by Hon. John C. Cratsley (Ret.)

The U.S. District Court, 1 Courthouse Way, Boston, Massachusetts. Credit: Tony Rinaldo

Working remotely since March 23th, students in this spring’s Judicial Process in Trial Courts Clinic provided over 2,200 hours of legal research and drafting for Massachusetts trial judges.  The clinic included 24 students placed with judges in the U.S. District Court, the Massachusetts Superior Court, and the Roxbury, Dorchester and Quincy community courts. One LL.M student, a judge from Korea, added an important international perspective to our class sessions. In addition to the time spent doing court observation and in conversation with their judges, the students’ legal research and writing are a valuable addition to the heavy work load already carried by existing law clerks. In fact, these extra hours are particularly significant in the Massachusetts state courts due to their limited law clerk budgets. Because of this reality, students placed with state court judges found themselves working directly, one-on-one, with their judges on a variety of needed research and writing.   Student evaluations describe their satisfaction with the opportunity to make this added contribution as well as learn from it:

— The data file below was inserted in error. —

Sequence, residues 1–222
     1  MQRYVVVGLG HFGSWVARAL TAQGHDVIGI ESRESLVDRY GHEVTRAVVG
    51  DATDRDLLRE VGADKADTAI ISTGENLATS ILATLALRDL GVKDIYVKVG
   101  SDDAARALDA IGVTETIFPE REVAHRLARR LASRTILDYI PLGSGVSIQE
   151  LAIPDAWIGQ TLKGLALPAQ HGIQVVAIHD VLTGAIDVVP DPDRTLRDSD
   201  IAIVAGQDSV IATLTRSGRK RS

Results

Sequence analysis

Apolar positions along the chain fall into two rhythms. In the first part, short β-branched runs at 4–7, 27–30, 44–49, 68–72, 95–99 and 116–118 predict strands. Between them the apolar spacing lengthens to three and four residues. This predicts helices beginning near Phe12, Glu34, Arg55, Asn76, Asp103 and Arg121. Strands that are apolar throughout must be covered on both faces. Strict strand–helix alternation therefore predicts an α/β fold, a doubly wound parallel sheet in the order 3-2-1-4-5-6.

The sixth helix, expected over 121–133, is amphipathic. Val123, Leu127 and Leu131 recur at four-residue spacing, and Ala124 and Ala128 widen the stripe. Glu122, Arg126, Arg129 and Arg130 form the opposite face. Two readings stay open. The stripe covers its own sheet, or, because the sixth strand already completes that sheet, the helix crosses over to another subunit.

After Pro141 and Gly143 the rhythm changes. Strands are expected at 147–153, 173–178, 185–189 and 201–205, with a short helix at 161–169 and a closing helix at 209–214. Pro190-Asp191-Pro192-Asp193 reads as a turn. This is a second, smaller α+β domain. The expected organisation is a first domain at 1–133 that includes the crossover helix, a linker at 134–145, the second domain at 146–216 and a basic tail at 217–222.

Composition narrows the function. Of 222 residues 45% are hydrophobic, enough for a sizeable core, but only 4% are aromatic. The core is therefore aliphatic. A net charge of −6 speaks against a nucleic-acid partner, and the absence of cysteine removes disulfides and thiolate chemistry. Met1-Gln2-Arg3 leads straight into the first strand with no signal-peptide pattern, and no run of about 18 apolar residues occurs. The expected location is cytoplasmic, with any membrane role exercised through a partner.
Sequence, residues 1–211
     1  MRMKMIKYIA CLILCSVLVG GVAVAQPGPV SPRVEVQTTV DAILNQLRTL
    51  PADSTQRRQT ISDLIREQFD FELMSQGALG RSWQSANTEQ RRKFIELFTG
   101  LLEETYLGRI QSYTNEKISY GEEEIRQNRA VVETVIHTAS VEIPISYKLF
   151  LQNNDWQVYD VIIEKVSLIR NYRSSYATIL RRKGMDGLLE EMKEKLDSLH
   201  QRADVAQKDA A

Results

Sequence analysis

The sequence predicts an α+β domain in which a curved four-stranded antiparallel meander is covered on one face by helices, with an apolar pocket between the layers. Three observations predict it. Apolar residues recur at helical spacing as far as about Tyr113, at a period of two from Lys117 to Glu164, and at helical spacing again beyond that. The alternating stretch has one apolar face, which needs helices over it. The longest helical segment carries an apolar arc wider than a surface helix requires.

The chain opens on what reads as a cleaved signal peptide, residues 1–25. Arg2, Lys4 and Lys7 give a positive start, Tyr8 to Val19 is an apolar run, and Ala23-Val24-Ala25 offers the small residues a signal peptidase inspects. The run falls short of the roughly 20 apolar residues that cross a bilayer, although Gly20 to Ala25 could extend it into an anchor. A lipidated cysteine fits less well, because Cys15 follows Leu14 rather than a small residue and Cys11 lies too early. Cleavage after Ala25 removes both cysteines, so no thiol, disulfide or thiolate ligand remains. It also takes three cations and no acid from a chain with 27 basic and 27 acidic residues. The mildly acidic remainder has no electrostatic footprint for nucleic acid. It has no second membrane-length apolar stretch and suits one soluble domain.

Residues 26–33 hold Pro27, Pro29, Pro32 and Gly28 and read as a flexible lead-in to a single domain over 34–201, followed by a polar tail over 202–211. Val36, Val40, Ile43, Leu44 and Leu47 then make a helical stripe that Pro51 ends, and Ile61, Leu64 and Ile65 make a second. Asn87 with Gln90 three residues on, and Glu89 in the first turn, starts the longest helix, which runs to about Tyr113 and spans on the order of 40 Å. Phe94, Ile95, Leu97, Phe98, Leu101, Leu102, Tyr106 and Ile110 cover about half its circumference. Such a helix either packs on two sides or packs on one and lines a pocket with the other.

“I had a lot of opportunity to grow my skills of legal analysis with real-time discussions and my opportunities for feedback on written work were in-depth and highly valuable.”

“Direct feedback on memos and opinion drafts helped me understand how to structure writing.”

“Absolutely amazing experience which I would recommend to anyone. It’s a fabulous learning environment, not just for research and writing skills, but also helped me to appreciate what it means to be a judge.”

Whether in federal court or state court, clinic students worked on a wide range of substantive matters, from motions to dismiss indictments and suppress evidence in the criminal sessions of the Suffolk Superior Court to motions to dismiss or for summary judgement in civil cases in federal court. The variety of their assignments included reviewing habeas corpus petitions, motions for new trial, discrimination claims, freedom of information act litigation, and judicial review of federal and state agency decisions. And as the impact of the Covid-19 pandemic arrived, clinic students worked on timely issues including the legality of remote proceedings in civil and criminal cases, the release of ICE detainees for risk of contracting the virus, and eligibility for unemployment compensation.

These thousands of hours of student legal assistance to busy judges with demanding caseloads, urgent issues, and limited resources represents yet another of the valuable contributions of HLS clinics.  For our students and the judges, this is a win-win clinic. As one student put it, “I love being in court, and I loved the attention from the judge and the clerk, who were both fantastic attorneys and made sure I was getting meaningful experience, both witnessing interesting things and providing work that was actually useful.”